Heavy Metal Uptake and Extraction Potential of Two Bechmeria nivea (L.) Gaud. (Ramie) Varieties Associated with Chemical Reagents

Authors: Zhou, Jian-hua1; Yang, Qing-wei2; Lan, Chong-yu1; Ye, Zhi-hong3

Source: Water, Air, and Soil Pollution, Volume 211, Numbers 1-4, September 2010 , pp. 359-366(8)

Publisher: Springer

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Abstract:

Two varieties of Bechmeria nivea (L.) Gaud. (Ramie), namely, triploid Tri-2 and diploid Xiangzhu-3, were potted with soils from Guangdong for 15 weeks and treated with 10 mmol kg−1 EDTA or EGTA before harvest at 17th week. Lead, Zn, and Cd in plant and soil materials were analyzed, and their potential ecological risk in soils was simultaneously evaluated. These three metals in soils was found to be above 14.4, 3.0, and 29.9 times higher than the national (China) background value, 10.9, 6.19, and 96.7 times higher than the local (Guangdong) background value, and 1.25, 1.20, and 9.67 times higher than the maximum permissible concentration for soils, respectively. An ecological risk analysis of metals using Häkanson's method indicated an extremely high contamination and a significantly high potential ecological risk by these three metals in soils. The both ramie varieties contained respective concentration exceeding the concentration of <10, <80, and <0.27 mg kg−1, respectively, for Pb, Zn, and Cd in normal plants, suggesting they were multimetal tolerant. Tri-2 generally contained higher Pb, Zn, and Cd than Xiangzhu-3. Treatment with EDTA or EGTA applied at 10 mmol kg−1 generally promoted Pb or Cd concentration in both plants while the uptake of Zn was depressed. The ramie variety of Tri-2 and Xiangzhu-3 could extract 0.161 and 0.147 t ha−1 of Cd, respectively, equaling to the 0.17 t Cd per hectare by Cd-hyperaccumulating species Viola baoshanensis. Therefore, two ramie varieties in this study had a higher extracting potential for removal of Cd from contaminated soils.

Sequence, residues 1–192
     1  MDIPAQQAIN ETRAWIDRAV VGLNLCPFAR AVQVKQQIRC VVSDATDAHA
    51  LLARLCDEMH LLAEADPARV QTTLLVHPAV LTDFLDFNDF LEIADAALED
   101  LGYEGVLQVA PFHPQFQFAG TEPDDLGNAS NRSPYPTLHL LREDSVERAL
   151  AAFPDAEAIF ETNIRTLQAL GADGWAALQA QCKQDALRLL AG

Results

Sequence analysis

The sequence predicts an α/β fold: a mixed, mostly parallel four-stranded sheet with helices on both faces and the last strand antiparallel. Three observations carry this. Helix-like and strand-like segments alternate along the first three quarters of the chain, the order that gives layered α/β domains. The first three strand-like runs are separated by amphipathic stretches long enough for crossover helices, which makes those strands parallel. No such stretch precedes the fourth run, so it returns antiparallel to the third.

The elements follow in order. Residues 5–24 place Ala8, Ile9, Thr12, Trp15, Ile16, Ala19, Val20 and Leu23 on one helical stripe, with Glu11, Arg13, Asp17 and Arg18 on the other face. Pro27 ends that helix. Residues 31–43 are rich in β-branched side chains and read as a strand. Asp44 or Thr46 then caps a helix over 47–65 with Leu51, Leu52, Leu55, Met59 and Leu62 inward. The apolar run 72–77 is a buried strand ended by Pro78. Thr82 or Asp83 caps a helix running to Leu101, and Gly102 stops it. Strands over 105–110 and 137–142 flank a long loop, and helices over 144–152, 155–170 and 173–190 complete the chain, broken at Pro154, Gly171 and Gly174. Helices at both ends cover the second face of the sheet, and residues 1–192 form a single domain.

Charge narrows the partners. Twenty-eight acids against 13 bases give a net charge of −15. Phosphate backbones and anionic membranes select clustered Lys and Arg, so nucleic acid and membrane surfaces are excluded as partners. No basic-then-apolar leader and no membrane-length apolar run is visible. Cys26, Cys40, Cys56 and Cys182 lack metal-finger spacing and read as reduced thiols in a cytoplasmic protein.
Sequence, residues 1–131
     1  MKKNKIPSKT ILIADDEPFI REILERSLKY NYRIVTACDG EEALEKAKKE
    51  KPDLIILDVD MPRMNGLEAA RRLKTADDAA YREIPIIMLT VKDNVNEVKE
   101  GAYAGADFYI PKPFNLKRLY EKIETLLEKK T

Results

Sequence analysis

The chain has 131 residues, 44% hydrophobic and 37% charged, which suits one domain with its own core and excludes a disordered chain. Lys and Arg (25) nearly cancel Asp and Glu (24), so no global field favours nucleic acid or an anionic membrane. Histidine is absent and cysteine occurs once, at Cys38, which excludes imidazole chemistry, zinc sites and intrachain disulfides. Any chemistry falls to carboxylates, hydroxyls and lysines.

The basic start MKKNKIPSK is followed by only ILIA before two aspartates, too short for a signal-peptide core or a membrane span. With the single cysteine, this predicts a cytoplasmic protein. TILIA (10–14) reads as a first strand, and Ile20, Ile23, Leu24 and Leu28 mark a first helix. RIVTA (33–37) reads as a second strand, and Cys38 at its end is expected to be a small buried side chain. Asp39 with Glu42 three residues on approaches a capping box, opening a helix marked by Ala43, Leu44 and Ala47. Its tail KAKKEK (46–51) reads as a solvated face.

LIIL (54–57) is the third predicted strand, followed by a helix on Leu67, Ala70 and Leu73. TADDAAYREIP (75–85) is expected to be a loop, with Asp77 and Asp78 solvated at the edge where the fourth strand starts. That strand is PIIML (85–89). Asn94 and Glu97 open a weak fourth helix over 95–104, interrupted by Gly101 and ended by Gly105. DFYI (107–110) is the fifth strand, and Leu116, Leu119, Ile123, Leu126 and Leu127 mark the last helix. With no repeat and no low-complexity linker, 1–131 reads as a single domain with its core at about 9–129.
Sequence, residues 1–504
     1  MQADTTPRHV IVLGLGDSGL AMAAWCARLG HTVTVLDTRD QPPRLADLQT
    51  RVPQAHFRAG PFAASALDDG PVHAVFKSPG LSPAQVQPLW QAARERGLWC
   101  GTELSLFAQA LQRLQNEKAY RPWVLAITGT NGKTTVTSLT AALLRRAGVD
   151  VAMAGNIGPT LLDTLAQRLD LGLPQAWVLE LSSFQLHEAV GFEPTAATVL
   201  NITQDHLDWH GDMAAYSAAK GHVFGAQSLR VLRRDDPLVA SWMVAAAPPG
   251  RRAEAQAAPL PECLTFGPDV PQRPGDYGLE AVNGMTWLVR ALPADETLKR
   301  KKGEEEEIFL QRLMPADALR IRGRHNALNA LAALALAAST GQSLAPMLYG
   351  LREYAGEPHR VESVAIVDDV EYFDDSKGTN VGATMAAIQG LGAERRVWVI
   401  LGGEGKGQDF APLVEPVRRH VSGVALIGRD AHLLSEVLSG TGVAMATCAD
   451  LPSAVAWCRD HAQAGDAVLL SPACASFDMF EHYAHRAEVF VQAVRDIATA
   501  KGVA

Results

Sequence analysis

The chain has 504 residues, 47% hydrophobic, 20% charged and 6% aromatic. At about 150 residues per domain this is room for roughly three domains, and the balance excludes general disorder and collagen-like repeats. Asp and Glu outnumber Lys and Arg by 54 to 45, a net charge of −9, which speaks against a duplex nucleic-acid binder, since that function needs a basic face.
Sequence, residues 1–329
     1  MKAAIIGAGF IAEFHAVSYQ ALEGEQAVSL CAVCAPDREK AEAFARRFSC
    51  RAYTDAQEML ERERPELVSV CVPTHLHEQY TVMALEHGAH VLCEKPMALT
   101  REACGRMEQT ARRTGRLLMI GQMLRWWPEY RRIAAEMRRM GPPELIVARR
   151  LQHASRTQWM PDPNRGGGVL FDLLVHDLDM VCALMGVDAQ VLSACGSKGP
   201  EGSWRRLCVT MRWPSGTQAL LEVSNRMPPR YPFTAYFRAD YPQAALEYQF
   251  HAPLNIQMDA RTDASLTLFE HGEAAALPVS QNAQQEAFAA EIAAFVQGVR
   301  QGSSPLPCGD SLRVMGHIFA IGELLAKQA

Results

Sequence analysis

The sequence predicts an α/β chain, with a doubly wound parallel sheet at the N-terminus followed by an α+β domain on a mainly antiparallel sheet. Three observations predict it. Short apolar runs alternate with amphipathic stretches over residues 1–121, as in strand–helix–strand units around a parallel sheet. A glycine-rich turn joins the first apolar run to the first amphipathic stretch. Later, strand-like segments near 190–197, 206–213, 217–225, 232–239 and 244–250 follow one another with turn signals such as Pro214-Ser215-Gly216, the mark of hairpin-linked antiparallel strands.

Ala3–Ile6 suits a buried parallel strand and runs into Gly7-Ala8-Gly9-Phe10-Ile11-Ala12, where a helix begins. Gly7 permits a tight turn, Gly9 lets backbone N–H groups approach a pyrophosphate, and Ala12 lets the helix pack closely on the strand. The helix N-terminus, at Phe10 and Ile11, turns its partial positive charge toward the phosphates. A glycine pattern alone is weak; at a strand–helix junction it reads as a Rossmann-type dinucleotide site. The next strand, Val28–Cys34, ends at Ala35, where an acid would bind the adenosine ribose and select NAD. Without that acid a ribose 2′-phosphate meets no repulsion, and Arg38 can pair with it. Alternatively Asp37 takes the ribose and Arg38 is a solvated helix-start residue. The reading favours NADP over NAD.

Keywords: EDTA; EGTA; Heavy metals-contaminated soils; Phytoextraction potential; Ramie (Bechmeria nivea (L.) Gaud.)

Document Type: Research Article

DOI: http://dx.doi.org/10.1007/s11270-009-0305-4

Affiliations: 1: School of Life Sciences, and State Key Laboratory for Biocontrol, Sun Yat-sen (Zhongshan) University, Guangzhou, 510275, People’s Republic of China 2: Department of Resource and Environmental Sciences, School of River and Sea Architectural Engineering, Chongqing Jiaotong University, Chongqing, 400074, People’s Republic of China, Email: qwyang2001@163.com 3: School of Life Sciences, and State Key Laboratory for Biocontrol, Sun Yat-sen (Zhongshan) University, Guangzhou, 510275, People’s Republic of China, Email: lssyzhh@yeah.net

Publication date: September 1, 2010

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